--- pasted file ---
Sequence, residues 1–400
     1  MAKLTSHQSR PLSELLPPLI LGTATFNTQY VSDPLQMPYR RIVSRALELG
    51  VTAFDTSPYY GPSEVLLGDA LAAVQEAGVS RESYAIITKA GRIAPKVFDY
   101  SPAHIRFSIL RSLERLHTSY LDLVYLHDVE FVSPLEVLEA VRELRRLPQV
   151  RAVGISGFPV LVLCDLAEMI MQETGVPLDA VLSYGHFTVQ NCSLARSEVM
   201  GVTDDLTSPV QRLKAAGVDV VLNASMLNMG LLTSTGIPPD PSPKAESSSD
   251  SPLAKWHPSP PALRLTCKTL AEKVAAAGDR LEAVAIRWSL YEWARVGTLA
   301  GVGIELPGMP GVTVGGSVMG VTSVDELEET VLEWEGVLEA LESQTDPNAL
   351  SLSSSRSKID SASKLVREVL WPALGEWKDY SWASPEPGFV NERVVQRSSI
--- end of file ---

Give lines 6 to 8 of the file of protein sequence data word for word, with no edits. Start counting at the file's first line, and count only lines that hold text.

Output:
   201  GVTDDLTSPV QRLKAAGVDV VLNASMLNMG LLTSTGIPPD PSPKAESSSD
   251  SPLAKWHPSP PALRLTCKTL AEKVAAAGDR LEAVAIRWSL YEWARVGTLA
   301  GVGIELPGMP GVTVGGSVMG VTSVDELEET VLEWEGVLEA LESQTDPNAL